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1 hour ago, gotchabari said:

But you're comparing a fee that occured 12 years prior to a $39M Cap to a fee that's occurring in an era where that cap doubled in 15 years.  

Both teams paid appropriate value at the time for what they were getting.  Vegas and Seattle are owed nothing extra just because the league is more successful now.

The "more favorable terms" they are getting is TV contracts, endorsements, higher ticket prices, and generally increased popularity.

It's a handout because they paid for the above, and then got the ED structure for free.

The protection structure wasn't in place up front.

And I agree with the good draft.  That was the main point of my post, in fact.  Other teams didn't have the luxury of picking up picks with all the extra players.

I'm not sure I understand your point with the first bolded sentence. Vegas is the first team to be added to the NHL since the salary cap came into effect in 2005. Prior to that, teams could give bad contracts to anyone, but they just didn't. Mostly because unrestricted free agency didn't exist prior to 1995, and between 1995 and 2005 it didn't start until age 31. They also didn't have NMCs back then. But with the introduction of UFA, the drop in age to 27, and these other contract terms, we've seen GMs give out a lot of really terrible contracts in the past 15 years. IMO, Vegas just took advantage of the GMs that had those terrible contracts.

I do agree that Vegas had an advantage in that they were able to select more players. Anaheim took one player from 24 teams and then turned around and lost their 2nd and 10th picks in the Phase II draft to Ottawa and Tampa (which was totally unfair IMO). Vegas got to select 30 players, and with a 23-man roster limit that meant they could flip more players for assets. That's definitely a huge difference. But not enough to justify an entry fee that is 5.5x larger in real money IMO. So I still just disagree that Vegas didn't buy more favorable draft terms with their $500 million entry fee. Paying 5.5x as much in entry fees doesn't buy them only 6 more cast offs. That kind of money should and did also buy them a better pool of players to choose from. So agree to disagree here.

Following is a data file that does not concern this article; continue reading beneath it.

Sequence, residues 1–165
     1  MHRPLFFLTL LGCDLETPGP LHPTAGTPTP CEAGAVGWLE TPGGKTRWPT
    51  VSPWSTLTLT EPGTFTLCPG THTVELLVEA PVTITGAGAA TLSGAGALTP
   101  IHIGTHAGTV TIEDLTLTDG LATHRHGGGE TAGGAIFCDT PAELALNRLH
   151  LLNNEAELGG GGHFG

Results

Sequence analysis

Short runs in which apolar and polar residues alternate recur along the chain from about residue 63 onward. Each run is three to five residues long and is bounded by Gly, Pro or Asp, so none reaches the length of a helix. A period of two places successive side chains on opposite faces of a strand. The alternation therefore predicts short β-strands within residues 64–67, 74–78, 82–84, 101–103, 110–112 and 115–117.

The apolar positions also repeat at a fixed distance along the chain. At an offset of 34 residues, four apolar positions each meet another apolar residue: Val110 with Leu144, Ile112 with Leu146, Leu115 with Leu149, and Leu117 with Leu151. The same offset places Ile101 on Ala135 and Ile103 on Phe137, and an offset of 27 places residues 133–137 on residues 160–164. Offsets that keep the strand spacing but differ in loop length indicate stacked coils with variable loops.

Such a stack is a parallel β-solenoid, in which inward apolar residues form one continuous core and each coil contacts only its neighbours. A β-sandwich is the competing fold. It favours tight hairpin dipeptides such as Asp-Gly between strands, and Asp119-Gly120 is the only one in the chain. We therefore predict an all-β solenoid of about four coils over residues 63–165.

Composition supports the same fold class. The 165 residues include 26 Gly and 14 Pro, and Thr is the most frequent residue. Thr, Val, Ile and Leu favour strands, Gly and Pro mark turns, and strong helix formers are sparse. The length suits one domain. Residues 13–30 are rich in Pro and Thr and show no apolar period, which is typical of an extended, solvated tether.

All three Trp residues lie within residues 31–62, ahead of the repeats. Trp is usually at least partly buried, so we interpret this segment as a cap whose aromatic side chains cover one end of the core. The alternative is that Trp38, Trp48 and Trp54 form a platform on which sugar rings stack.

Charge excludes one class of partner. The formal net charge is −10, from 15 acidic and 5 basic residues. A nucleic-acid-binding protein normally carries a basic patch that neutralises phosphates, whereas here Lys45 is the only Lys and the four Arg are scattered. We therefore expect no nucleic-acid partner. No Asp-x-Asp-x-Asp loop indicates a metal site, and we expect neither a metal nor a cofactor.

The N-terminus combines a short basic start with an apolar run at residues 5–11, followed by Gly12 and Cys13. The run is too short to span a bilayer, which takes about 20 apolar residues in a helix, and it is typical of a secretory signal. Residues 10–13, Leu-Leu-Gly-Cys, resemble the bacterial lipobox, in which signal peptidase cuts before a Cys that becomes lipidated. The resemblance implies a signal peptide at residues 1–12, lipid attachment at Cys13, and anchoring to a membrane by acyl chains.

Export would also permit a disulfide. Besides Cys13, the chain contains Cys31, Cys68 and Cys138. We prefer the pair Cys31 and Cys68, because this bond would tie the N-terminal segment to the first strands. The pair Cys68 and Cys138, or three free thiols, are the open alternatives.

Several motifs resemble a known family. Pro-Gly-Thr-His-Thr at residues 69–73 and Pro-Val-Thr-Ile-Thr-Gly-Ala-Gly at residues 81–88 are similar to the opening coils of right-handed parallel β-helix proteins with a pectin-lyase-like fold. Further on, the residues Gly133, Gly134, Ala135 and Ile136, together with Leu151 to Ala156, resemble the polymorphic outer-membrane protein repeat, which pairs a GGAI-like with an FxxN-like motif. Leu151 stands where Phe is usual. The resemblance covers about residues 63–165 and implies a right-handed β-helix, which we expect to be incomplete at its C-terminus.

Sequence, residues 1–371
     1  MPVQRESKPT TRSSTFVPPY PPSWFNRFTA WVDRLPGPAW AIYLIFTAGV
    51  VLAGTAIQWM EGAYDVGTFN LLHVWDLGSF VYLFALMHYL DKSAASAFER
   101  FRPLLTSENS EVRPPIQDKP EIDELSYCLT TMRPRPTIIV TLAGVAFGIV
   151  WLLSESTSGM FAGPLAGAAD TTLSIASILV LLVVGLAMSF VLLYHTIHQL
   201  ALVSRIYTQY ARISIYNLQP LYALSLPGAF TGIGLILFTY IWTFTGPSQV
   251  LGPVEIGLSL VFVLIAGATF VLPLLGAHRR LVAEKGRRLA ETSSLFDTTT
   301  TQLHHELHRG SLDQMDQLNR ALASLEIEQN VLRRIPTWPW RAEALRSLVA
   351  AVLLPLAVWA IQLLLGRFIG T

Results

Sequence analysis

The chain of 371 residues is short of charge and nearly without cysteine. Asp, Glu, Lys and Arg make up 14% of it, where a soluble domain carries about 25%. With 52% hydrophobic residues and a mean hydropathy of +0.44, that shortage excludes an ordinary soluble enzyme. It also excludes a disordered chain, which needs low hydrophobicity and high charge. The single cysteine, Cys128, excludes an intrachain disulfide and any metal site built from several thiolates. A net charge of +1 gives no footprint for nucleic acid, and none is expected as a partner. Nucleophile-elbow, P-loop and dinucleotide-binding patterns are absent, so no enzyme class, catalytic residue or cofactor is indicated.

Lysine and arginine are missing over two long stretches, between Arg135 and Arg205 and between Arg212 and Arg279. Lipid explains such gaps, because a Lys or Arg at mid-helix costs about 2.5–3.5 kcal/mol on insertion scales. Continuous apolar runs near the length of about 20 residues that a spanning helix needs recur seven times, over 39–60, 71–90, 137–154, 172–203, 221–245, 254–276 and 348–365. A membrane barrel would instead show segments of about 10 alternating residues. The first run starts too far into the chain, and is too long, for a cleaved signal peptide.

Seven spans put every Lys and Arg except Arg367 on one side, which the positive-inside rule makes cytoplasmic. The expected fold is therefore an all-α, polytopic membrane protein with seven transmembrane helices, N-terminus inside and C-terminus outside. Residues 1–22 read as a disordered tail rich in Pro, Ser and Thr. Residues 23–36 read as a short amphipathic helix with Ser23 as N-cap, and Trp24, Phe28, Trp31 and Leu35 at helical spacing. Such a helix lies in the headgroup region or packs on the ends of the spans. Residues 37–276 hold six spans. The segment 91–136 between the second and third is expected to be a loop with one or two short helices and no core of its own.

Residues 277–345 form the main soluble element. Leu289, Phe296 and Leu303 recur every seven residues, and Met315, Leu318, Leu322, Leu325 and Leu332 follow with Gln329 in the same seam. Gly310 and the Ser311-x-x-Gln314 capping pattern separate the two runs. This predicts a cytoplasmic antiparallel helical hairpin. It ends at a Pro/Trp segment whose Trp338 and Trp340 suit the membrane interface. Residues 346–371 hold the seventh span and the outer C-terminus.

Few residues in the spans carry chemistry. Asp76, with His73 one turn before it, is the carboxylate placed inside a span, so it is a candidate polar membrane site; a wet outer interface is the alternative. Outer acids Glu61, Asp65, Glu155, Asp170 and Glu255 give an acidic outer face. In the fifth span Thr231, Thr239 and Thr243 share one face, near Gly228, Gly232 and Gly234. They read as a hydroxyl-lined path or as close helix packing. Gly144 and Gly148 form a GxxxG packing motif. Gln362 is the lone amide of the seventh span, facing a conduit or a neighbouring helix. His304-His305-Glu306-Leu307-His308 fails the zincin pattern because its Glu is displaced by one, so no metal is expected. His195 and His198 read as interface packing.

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1 hour ago, dtsdlaw said:

I'm not sure I understand your point with the first bolded sentence.

My point is that you're trying to say the higher fee means they should get better players.  I'm saying the higher fee is justified for the non-player side of things as much as it was in 1993.  Owning an NHL in 2017 is 5-7x more valuable than owning a franchise in 1993, and paying that much more shouldn't mean even additional benefits.  

In fact, many mid-to-large market teams have a 10x factor over the same period.  Others sold recently and have already doubled.  So that extra money doesn't mean they need special treatment, it means they are paying the same as 1993 in 2020 hockey dollars.

Carolina Hurricanes on the Forbes The Business of Hockey List  You can use the back and forth to scan across all the teams, I just landed on Carolina because it was a good example.  Smaller market and had a 1994 sale price for reference, and was almost 10 fold in that period.  If you find other with similar sales of mid 90s, you see similar growth.

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21 minutes ago, gotchabari said:

My point is that you're trying to say the higher fee means they should get better players.  I'm saying the higher fee is justified for the non-player side of things as much as it was in 1993.  Owning an NHL in 2017 is 5-7x more valuable than owning a franchise in 1993, and paying that much more shouldn't mean even additional benefits.  

In fact, many mid-to-large market teams have a 10x factor over the same period.  Others sold recently and have already doubled.  So that extra money doesn't mean they need special treatment, it means they are paying the same as 1993 in 2020 hockey dollars.

Carolina Hurricanes on the Forbes The Business of Hockey List  You can use the back and forth to scan across all the teams, I just landed on Carolina because it was a good example.  Smaller market and had a 1994 sale price for reference, and was almost 10 fold in that period.  If you find other with similar sales of mid 90s, you see similar growth.